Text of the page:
In spite of projections of greater demand and growing popularity for energy generation, spot natural gas prices remain not far from low levels last seen in the late 1990s. Even though both supply and demand have fallen on an annualized basis, the drop in demand has greatly outpaced supply, leading to an imbalance. Adding to the overarching weakness in prices is the fact that working gas in storage continues to rise, climbing well past the 5-year average and typical seasonal levels. Even though production has fallen modestly over the last year, output still remains robust, adding to the downside pressures facing natural gas as warmer weather conditions prevail and the summer months rapidly approach. If the global economy continues to struggle, it could spell another round of imminent losses for prices as they fight to regain footing above $2.000 per MMBtu.
Market Fails to Find Equilibrium
The wide disparity between supply and demand in the natural gas market continues to be a forceful factor weighing down prices in the interim. Despite the approaching ability to sell natural gas production internationally via liquefied natural gas export terminals that are slowly coming online, US gas production remains mainly subject to domestic conditions. According to the latest data made available by the Energy Information Administration, output for the week ending the 18rd of March rose by 1.35%, helped in part by a rising active rig count. In the latest Baker Hughes report, active rigs rose by 3 to 92, even though the total has plunged by -60.52% over the last year. On an annualized basis, production has fallen by a marginal -0.96%, widely outpaced by the -3.30% drop in demand which has sent stockpiled working gas levels to the highest on record for this time of year.
Even though demand has picked up in other areas as consumer gas consumption has fallen, it has not been enough to step out of the long shadow cast by existing production levels. According to the Short-Term Energy Outlook from the EIA, natural gas is even expected to overtake coal for power generation in the United States for 2016, accounting for 33.30% of total generated power in 2016 amid a period of prolonged price weakness. Even though the two means of power generation are expected to be equivalent in 2017, especially should natural gas prices begin to rebound from current levels, any near-term recovery is unlikely absent falling production and substantial improvements in end-user demand. The end of seasonal conditions that normally contribute to higher prices will also be a factor that weighs on prices as warmer weather means less demand to meet heating needs.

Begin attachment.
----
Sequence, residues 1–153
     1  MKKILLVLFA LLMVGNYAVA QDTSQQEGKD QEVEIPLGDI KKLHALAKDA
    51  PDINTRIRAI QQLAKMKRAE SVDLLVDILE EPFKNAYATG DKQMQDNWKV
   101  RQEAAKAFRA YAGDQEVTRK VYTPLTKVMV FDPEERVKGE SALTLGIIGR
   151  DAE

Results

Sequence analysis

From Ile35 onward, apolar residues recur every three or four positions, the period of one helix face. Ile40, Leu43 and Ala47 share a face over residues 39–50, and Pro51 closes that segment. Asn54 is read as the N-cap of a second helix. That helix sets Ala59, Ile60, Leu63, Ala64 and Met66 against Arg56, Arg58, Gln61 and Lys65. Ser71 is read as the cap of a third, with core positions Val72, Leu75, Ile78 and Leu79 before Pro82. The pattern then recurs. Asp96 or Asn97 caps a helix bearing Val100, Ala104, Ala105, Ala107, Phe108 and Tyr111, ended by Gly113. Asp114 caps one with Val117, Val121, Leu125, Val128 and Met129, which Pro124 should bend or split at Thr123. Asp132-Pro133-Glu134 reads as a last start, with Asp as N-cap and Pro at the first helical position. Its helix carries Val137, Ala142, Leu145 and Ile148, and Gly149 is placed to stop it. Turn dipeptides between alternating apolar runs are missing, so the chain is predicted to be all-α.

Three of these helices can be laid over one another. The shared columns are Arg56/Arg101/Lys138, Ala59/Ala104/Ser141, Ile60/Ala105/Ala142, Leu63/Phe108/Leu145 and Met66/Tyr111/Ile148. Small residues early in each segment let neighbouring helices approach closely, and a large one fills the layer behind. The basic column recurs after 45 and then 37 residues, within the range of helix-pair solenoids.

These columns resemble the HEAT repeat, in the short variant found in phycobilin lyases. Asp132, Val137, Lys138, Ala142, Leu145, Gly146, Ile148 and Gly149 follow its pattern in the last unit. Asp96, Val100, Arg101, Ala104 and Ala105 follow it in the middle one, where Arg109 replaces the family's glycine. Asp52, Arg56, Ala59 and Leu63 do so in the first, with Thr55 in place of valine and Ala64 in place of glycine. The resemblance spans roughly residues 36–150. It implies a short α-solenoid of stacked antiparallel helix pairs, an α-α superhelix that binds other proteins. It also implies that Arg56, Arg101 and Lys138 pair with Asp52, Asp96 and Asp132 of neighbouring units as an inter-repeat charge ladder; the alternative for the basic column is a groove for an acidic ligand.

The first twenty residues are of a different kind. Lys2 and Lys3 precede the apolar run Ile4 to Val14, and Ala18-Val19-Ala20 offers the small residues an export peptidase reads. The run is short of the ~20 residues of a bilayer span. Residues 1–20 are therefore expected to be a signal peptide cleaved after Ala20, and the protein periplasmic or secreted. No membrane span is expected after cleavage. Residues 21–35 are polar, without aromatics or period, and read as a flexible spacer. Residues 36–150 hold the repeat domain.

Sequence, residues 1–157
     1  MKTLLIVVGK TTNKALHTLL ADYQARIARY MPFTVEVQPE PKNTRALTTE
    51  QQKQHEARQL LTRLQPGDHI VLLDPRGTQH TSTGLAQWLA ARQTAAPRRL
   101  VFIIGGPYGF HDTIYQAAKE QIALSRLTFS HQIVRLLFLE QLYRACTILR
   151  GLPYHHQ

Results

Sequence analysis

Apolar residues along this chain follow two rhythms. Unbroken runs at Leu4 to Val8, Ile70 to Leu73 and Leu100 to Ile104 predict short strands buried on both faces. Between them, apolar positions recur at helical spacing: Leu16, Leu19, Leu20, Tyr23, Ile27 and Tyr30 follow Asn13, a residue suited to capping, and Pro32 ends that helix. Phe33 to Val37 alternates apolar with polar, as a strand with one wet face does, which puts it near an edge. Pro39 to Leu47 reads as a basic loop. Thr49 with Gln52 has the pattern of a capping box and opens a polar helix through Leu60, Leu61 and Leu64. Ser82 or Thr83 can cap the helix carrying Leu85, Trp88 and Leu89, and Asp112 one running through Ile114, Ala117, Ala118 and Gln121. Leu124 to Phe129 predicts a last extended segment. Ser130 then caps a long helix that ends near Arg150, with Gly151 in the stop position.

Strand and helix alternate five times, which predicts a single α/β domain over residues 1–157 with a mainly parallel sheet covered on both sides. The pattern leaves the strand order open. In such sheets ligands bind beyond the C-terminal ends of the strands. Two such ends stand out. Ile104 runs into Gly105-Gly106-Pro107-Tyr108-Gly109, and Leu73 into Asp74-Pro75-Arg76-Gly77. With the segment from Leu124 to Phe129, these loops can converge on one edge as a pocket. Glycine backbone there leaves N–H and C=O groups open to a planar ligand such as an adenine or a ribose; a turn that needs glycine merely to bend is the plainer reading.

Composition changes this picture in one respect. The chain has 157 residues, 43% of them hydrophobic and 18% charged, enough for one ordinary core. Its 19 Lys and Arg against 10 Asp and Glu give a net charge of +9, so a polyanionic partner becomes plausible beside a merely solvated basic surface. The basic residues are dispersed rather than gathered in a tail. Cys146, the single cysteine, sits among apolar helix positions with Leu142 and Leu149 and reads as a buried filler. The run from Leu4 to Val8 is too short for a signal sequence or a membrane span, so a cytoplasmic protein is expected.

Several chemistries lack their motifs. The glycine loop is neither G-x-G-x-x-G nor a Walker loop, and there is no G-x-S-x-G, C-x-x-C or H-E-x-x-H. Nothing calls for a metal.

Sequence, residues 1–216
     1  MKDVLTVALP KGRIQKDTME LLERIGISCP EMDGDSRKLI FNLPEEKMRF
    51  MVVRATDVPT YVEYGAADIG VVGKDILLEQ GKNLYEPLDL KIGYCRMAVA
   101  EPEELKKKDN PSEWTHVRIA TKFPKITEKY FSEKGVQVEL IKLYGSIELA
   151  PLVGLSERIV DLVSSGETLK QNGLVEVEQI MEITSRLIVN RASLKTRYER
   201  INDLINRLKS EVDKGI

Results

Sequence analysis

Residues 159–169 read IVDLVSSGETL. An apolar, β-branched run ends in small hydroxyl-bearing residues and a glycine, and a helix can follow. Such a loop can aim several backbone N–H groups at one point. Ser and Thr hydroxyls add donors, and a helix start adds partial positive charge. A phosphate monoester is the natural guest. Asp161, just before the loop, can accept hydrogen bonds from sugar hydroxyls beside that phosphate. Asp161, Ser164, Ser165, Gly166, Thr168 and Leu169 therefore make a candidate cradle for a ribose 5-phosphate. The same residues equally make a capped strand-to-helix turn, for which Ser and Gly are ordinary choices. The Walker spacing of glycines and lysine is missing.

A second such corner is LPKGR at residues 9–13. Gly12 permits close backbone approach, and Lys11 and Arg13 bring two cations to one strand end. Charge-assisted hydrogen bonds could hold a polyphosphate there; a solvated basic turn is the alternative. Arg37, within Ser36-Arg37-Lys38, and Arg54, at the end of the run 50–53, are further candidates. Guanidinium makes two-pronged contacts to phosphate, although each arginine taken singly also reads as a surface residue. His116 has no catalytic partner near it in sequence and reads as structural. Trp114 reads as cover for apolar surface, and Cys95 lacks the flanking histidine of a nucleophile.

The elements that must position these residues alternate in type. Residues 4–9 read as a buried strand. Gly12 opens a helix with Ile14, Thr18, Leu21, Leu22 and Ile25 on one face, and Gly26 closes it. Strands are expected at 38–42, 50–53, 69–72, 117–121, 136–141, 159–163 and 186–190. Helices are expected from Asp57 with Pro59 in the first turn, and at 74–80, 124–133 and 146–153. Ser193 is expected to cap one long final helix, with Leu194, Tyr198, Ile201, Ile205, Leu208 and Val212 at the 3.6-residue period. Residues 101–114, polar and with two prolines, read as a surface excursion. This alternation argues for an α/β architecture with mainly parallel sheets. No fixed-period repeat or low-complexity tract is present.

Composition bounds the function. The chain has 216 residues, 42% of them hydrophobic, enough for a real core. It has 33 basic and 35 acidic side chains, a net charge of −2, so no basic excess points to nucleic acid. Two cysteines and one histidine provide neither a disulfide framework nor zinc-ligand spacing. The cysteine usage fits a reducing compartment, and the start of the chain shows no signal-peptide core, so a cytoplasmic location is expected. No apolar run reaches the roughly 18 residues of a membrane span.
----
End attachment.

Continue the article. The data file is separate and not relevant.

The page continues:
On a performance basis, natural gas remains mired in a bear market with prices falling over -38.62% on an annualized basis and -23.43% year-to-date alone. Now that many of the conditions that supported demand and prices over the last few months are about to absent considering improving weather conditions and rising domestic production, US natural gas prices are once again likely to tumble lower. From a technical perspective, natural gas prices are currently sitting at a very interesting potential pivot point and support at $1.760 per MMBtu. A break below this key level paves the way towards the latest 52-week lows at $1.606 reached earlier in the month, marking the lowest levels in over 17-years. In support of continued downward momentum in natural gas prices are both the medium and longer-term 50 and 200-day moving averages with both trending lower above current prices, acting as resistance to any sustained bounced in prices.
On a shorter-term basis, the emergence of a downward trending equidistant channel formation has added to the predominantly bearish bias in natural gas prices. Although nearing the bottom of the channel which is not necessarily an ideal entry point to take advantage of renewed price weakness, a bounce in prices towards the upper channel line should be viewed as an optimal opportunity to establish positions expecting further losses in the gas benchmark. However, should natural gas manage to record a candlestick close above the upper channel line it could indicate a channel-based breakout to the upside.Furthermore, a move above resistance sitting at $1.950 could be the beginning of a reversal in the prevailing downtrend and be the catalyst for a sustained correction higher in prices back towards the key $2.000 MMBtu psychological level. Nevertheless, the predominant bearish bias remains intact in the event of no change in fundamental conditions.
Taken from the perspective of prevailing fundamental and technical circumstances, the upside potential in natural gas prices is very limited over the near-term with rising potential for losses to spiral lower once more. After a tremendous drop in the last year and a supply-demand imbalance that remains woefully intact, alleviation of price pressures is not imminent. Although there is some room for a technical correction higher in prices over the short-term, on a medium-to-long term basis, this upward momentum should strictly be taken as an invitation to establish positions expecting prices to drop further, reaching back towards multi-year lows.